Author Topic: Flange reduction surgery. LL SW7  (Read 1085 times)

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peteski

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Re: Flange reduction surgery. LL SW7
« Reply #15 on: August 22, 2019, 03:02:47 PM »
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Almost, apparently a manufacturing tolerance thing, differing by a thousandth or two. I did this on one of my SWs a couple of years ago and, IIRC, the fit was a touch loose. A spot of CA, or Loctite green or purple wouldn't be a bad idea since they were loose enough to push out of gauge in normal handling, such as re-railing.

You know, now I  recall doing a test fitting of Kato wheels in LL axle tube and the fit was a bit loose. Yeah, must be a tolerance thing because both company's axles supposed to be the same diameter.

As far as keeping the wheels in gauge, that is why I insert a washer (or sometimes washers) between the axle tube and wheel back (this is described in the post in the thread I linked ot earlier).  In this type of wheelset design. most axle tubes are manufactured a bit short, so if the wheel backs rest against the tube ends, the gauge is too tight.  With a washer installed, that can't happen (because the washer basically increases the length of the axle tube.  And on the opposite side (the axle ends, the bearing cups will keep the wheelset in gauge.

But Super Glue or Loctite is still needed to lock the axles to the plastic tube for transferring torque.
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C855B

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Re: Flange reduction surgery. LL SW7
« Reply #16 on: August 22, 2019, 03:16:30 PM »
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Yep, thanks for the reminder about the washers. I even bought a leather punch to make the washers with, worked pretty well. I've sort of ignored the thing since doing the conversion, as it is currently in the black hole on my bench otherwise known as "needs DCC", plus this particular SW is an undec waiting for the roundtuit to hack into a TR5 calf.
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mmagliaro

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Re: Flange reduction surgery. LL SW7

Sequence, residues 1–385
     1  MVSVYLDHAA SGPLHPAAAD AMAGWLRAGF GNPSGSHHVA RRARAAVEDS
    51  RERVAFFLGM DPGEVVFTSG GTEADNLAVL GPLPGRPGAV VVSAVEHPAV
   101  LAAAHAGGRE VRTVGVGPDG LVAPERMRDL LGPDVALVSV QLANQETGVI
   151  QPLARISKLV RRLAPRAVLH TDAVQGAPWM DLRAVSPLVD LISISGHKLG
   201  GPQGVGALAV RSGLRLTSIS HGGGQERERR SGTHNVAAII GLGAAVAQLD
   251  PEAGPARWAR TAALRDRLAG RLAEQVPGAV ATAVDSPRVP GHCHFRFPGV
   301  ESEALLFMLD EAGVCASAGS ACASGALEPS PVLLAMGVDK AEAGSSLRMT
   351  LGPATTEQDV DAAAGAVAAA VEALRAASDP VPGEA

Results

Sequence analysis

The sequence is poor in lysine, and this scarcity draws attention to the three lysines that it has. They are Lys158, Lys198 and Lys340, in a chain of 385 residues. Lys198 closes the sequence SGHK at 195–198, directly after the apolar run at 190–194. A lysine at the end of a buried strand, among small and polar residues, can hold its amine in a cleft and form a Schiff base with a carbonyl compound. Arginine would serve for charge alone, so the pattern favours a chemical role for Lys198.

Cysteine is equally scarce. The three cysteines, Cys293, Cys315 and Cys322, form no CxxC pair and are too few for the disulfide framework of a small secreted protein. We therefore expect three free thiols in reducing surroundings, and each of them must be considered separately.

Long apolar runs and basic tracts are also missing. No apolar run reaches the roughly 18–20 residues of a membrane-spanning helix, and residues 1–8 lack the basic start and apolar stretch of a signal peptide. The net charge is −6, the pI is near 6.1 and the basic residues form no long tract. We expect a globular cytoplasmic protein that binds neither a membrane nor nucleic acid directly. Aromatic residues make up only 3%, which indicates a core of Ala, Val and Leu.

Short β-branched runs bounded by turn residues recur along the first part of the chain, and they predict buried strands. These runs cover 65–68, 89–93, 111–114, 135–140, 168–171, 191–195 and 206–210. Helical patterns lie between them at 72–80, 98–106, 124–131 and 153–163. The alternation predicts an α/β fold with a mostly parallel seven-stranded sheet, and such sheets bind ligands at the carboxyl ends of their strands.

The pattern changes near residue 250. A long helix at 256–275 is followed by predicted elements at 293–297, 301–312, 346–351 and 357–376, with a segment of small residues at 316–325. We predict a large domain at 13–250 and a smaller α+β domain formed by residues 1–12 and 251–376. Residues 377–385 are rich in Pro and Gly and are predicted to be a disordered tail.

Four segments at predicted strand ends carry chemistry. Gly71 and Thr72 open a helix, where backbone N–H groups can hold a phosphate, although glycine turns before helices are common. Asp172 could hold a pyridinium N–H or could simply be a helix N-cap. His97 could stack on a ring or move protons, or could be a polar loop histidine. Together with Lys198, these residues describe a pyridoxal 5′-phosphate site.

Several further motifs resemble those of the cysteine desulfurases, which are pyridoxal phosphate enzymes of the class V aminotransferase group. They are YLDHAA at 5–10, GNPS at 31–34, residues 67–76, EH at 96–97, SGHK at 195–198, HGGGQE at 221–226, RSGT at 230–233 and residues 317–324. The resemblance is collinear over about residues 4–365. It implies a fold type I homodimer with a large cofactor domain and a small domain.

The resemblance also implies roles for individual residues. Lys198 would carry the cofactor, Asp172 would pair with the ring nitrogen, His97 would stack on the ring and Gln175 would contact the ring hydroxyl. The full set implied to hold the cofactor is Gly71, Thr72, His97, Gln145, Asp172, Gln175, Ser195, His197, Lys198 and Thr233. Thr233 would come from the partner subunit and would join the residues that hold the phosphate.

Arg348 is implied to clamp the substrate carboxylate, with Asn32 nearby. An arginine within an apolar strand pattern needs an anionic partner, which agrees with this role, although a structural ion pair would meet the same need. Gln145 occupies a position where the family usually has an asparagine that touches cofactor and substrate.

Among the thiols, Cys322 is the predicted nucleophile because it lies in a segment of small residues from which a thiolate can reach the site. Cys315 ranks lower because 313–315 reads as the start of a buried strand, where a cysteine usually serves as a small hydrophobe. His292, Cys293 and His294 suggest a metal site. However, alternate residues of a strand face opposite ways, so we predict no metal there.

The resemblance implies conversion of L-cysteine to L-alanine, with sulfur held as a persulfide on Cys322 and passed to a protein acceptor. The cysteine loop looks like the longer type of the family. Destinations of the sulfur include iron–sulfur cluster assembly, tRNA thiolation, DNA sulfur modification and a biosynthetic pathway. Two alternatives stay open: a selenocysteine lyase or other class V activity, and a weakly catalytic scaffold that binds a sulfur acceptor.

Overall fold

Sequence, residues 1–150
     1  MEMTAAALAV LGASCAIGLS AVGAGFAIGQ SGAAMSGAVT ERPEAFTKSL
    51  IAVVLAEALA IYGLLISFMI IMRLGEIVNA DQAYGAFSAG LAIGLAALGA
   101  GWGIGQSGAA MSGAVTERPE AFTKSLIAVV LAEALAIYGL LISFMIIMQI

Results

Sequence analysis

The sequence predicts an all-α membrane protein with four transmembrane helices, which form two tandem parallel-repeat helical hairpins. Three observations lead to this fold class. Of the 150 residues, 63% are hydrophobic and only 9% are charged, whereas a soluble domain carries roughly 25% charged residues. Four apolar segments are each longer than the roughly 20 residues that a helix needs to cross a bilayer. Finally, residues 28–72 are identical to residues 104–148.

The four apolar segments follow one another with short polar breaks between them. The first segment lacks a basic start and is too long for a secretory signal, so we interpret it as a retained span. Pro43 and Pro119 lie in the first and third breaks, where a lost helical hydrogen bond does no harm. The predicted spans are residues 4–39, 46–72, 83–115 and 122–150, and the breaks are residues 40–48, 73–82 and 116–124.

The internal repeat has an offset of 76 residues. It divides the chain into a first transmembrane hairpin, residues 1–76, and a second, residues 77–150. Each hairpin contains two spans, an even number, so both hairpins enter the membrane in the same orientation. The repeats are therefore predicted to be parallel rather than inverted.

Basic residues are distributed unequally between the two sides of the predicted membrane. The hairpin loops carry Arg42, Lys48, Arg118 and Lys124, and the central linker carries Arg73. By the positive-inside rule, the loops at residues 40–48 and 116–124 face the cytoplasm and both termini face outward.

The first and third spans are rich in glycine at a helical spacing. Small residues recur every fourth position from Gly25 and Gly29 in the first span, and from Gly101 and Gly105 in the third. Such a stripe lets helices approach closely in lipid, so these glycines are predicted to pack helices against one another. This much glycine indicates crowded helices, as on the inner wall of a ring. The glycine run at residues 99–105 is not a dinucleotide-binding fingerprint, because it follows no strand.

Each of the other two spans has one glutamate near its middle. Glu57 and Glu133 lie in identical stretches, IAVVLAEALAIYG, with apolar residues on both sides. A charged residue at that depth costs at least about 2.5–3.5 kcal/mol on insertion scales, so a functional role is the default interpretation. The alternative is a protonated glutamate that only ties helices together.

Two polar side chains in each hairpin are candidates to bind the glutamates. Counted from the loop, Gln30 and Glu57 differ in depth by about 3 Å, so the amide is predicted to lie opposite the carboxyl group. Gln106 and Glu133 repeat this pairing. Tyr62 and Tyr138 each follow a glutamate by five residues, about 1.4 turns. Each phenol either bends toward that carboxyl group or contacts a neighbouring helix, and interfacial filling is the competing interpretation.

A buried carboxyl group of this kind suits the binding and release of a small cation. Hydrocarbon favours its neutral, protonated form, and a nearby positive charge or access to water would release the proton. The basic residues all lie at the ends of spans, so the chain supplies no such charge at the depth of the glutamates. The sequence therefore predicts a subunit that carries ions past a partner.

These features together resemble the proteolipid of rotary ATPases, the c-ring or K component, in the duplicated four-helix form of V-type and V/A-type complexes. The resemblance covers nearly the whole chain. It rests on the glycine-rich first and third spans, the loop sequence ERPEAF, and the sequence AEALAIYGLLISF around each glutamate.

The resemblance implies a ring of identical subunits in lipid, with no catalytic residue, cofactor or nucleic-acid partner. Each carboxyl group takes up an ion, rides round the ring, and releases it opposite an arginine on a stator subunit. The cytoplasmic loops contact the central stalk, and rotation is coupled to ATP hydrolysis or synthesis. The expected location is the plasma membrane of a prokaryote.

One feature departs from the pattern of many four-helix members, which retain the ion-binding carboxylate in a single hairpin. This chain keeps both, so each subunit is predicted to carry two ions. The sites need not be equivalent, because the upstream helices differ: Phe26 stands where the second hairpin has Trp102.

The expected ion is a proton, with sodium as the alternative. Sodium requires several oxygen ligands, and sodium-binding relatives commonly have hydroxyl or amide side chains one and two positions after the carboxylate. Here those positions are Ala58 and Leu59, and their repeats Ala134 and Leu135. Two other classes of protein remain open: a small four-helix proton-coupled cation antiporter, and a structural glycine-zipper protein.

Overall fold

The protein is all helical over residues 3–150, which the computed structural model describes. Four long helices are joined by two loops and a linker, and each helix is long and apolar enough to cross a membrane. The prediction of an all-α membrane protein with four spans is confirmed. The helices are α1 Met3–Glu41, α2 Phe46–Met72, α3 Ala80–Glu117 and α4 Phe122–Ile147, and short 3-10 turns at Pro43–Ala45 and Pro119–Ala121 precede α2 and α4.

« Reply #17 on: August 24, 2019, 01:52:29 PM »
+1
Congratulations on turning them down.  This is just a good reminder that for wheels like this, where there is a half axle (or a nub), this is not too hard a job because you have something convenient to clamp in a chuck to turn the wheels.  The only time it gets difficult is for a plain wheel with no axle or other protrusion out the back.

And as you've shown, a hand-held drill and some files does a perfectly good job of getting the flanges turned down and uniform enough.  Nobody is going to notice if a flange is a few thousandths out of round, or even .005" out of round.  You'd have to get above .005", I bet, before it would even show to an observer, or make any difference on the track.

Jim Starbuck

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Re: Flange reduction surgery. LL SW7
« Reply #18 on: August 24, 2019, 02:17:44 PM »
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The first time I tried turning these down I used a Dremel and it spins way too fast. I had the flange out of round before I knew what was going on.
A cordless drill turning slowly works much better
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diezmon

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Re: Flange reduction surgery. LL SW7
« Reply #19 on: August 28, 2019, 12:30:44 AM »
+1
So, my Kato wheel sets arrived and I tried my hand at the @peteski method.

Yep, much easier than turning down the flanges.

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I did attempt to modify the Kato axle to line up with the existing gears, by taking a little of of one end and sliding it on the other.  It works, but not really worth the trouble
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Converted two units tonight and only took about 45 minutes
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peteski

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Re: Flange reduction surgery. LL SW7
« Reply #20 on: August 28, 2019, 01:28:00 AM »
+1
Nice! and the Kato wheels look so much better (well, the small portions you can see behind the sideframes).  :D
What kind of adhesive did you use to glue the Kato metal half-axles loosely fitting into the LL axle tubes?
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diezmon

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Re: Flange reduction surgery. LL SW7
« Reply #21 on: August 28, 2019, 02:26:42 PM »
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Nice! and the Kato wheels look so much better (well, the small portions you can see behind the sideframes).  :D
What kind of adhesive did you use to glue the Kato metal half-axles loosely fitting into the LL axle tubes?

I just used a wee bit of medium viscosity CA.    I guess we'll see if that holds up.